A. Human PBL were activated with anti-CD3/CD28 antibodies for 48 h in the presence of sHLA-DRα2 or control protein (50 µg/ml). The cells were then fixed with 70% ethanol and stained with propidium iodine for cell cycle analysis using flow cytometry. Incubation with sHLA-DR α2 resulted in a G0/G1 arrest (live cell gate) in comparison to control protein. Shown are resting cells, PBL activated with anti-CD3/CD28 for 48 h, activated PBL incubated with control protein, and activated PBL incubated with sHLA-DRα2. B. Human PBL activated with anti-CD3/CD28 were incubated with sHLA-DRα2 or control protein (50 µg/ml) for 48 h and then stained with Annexin V for the analysis of apoptosis using flow cytometry. When incubated with sHLA-DR α2, human PBL showed a strong increase of Annexin V positive cells in comparison to control protein. Apoptosis in stimulated cells prior to the administration of either control protein or sHLA-DRα2 protein was similar in both reactions indicating that the effect on cell cycle distribution and apoptosis was specific. C. Human CD4 and CD8 positive lymphocytes were separated by magnetic beads and activated with anti-CD3/CD28 antibody for 72 h in the presence of either 50 µg/ml sHLA-DRα2 or Fc control protein. The cells were subjected to flow cytometry analysis and stained with Annexin V for the detection of apoptosis. Both, CD4+ and CD8+ cell populations exhibited substantial apoptosis. Shown is one representative experiment out of four independent experiments.

http://dx.doi.org/10.1371/journal.pone.0001576.g003

It is well known that HLA-DR molecules interact with CD4 + T cells. Yet from the above results we concluded that HLA-DR protein, especially the alpha 2 domain may induce apoptosis also in CD8+ cells. To examine this hypothesis CD4+ and CD8+ cells were separated by magnetic beads and stimulated 72 h by anti-CD3/CD28 antibodies in the presence and absence of sHLA-DR α2. The results illustrate that compared with non-treated controls sHLA-DRα2 binding leads to induction of apoptosis in both, CD4+ (51%) and CD8+ (54%) cells (Figure 3C).

Since interaction of HLA-DR especially with CD8+ T cells has not been described so far, we analyzed the HLA-DRα2 binding to CD8+ and CD4+ T cells. Confocal microscopy illustrates that sHLA-DRα2 exhibits a similar binding pattern on CD4+ (30–40%) and CD8+ (40–50%) cells (Figure 4) as was observed with anti-TIRC7 antibody [1]. No binding was observed in any control experiments, thus, sHLA-DRα2 binds specifically to CD4+ and CD8+ T cells leading to apoptosis in both subsets.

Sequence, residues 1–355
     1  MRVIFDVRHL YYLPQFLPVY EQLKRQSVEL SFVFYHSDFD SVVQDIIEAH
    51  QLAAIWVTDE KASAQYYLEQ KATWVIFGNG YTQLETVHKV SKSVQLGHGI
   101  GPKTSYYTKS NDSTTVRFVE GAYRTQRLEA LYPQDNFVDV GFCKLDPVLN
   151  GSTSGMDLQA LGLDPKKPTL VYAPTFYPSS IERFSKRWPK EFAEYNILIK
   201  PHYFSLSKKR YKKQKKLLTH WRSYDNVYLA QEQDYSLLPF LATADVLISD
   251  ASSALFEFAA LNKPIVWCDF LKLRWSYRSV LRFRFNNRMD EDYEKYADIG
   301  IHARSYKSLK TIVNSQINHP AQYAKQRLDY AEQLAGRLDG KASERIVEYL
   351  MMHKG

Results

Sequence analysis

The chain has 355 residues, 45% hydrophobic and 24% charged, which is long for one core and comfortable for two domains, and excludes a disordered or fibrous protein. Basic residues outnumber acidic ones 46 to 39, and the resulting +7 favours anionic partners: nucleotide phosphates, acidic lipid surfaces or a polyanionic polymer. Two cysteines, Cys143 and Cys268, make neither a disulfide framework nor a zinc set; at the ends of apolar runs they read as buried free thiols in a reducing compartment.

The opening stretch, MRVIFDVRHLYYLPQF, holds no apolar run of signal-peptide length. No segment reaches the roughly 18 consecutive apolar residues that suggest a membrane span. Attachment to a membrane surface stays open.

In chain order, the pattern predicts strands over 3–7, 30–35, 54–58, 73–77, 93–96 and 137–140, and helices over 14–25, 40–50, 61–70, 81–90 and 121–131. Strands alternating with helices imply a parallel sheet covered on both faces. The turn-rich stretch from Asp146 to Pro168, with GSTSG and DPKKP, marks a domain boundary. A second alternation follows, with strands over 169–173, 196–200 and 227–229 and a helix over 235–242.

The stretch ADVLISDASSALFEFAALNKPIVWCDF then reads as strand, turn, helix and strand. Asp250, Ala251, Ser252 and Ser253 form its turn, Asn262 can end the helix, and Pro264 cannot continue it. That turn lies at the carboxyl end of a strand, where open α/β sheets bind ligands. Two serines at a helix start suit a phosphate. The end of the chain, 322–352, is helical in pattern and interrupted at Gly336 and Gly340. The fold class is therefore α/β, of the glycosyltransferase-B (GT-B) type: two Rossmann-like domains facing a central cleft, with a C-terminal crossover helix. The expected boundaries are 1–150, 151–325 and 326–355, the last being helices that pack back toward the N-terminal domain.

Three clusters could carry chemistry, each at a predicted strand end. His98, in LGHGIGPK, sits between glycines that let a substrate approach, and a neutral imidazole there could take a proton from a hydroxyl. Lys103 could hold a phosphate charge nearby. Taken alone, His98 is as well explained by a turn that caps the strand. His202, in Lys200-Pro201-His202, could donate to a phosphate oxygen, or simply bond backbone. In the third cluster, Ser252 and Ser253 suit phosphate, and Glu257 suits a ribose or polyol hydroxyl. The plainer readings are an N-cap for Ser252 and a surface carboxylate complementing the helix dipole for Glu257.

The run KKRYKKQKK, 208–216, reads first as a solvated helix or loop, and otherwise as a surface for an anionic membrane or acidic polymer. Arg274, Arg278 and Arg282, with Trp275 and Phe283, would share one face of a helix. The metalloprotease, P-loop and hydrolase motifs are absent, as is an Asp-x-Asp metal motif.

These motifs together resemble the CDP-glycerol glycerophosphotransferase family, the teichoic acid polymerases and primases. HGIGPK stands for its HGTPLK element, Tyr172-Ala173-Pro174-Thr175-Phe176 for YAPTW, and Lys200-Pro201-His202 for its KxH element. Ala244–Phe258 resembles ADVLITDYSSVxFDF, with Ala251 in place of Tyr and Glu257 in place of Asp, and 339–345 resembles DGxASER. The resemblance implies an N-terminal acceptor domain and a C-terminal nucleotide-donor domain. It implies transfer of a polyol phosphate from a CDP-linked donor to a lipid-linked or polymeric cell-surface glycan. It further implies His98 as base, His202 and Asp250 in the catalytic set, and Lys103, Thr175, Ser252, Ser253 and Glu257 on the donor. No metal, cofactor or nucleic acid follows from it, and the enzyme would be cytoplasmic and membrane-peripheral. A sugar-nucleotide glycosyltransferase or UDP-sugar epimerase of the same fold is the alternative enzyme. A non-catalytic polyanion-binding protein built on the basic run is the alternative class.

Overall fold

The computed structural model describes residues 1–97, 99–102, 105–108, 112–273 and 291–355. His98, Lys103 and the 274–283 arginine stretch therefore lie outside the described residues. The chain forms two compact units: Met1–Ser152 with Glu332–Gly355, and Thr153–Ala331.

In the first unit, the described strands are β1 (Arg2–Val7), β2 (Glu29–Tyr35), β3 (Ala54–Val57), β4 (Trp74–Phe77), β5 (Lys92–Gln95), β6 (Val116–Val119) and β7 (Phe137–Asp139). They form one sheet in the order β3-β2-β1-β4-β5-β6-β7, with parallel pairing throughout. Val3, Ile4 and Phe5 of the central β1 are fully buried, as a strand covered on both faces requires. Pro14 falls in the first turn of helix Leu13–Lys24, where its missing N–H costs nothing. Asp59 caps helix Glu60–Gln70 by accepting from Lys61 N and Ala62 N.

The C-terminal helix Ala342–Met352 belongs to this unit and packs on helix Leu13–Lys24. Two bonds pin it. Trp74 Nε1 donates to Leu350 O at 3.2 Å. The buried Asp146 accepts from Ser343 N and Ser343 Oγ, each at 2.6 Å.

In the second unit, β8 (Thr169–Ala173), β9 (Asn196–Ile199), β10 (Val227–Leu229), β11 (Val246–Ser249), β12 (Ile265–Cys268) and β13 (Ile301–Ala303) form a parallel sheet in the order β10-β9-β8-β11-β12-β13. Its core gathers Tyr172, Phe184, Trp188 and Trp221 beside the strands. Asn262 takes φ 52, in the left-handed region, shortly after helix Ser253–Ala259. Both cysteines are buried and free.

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Figure 4. sHLA-DR α2 binds to TIRC7 expressed in CD4 and CD8 T cells.

CD4+ and CD8+ T cells were separated by magnetic beads, stimulated with anti-CD3/CD28 mAb for 48 h, and incubated with either sHLA-DR α2 or control protein for 30 min prior to confocal microscopic analysis. Using anti-human Fc-Cy3 mAb as secondary antibody, binding of sHLA-DRα2 or control protein to TIRC7 protein was analyzed. The results show a binding in CD4+ and CD8+ human T cells co-incubated with sHLA-DRα2 (upper panel) whereas no binding was observed in various control experiments using either control protein (lower panel) or anti-Fc-Cy3 conjugated secondary mAb only. Shown is one experiment out of three.

http://dx.doi.org/10.1371/journal.pone.0001576.g004

Targeting of TIRC7 leads to apoptosis via the activation of the intrinsic apoptotic pathway in lymphocytes

Proteins central to apoptosis are members of the caspase family which can be divided into initiator (caspase 8 and 9) and effector (caspase 7 and 3) caspases [13]. In the intrinsic pathway the apoptosis is mediated by mitochondria whereas the extracellular death receptor, FasL, mediates the extrinsic pathway [13], [14]. To analyze the mechanistic details, human PBL was used to test the caspase activity after 5 h of TIRC7 targeting using sHLA-DRα2. Caspase 9 was activated as was indicated by an increase of the cleaved product in the presence of sHLA-DRα2 whereas no activation of caspase 8 was observed in PBL (Figure 5A). Analysis of caspase 7 showed an increase of the cleaved product of 20kDa size upon TIRC7 ligation, while an activation of caspase 3 was not observed (Figure 5A). To analyze whether TIRC7-dependent apoptosis can be reversed by adding inhibitor of caspase 9 to the cultures, incubation of cells with the caspase 9 inhibitor z-LEH-fmk reduced TIRC7-dependent apoptosis to normal levels (data not shown). Although no activation of caspase 8 was observed after sHLA-DRα2 ligation, modulation of the FasL expression on T cells was analyzed. Flow cytometry analysis of PBL activated with anti-CD3/CD28 antibody for 24 h in the presence of the sHLA-DRα2 revealed a remarkably reduced expression of FasL at the cell surface of human T cells (Figure 5B, d).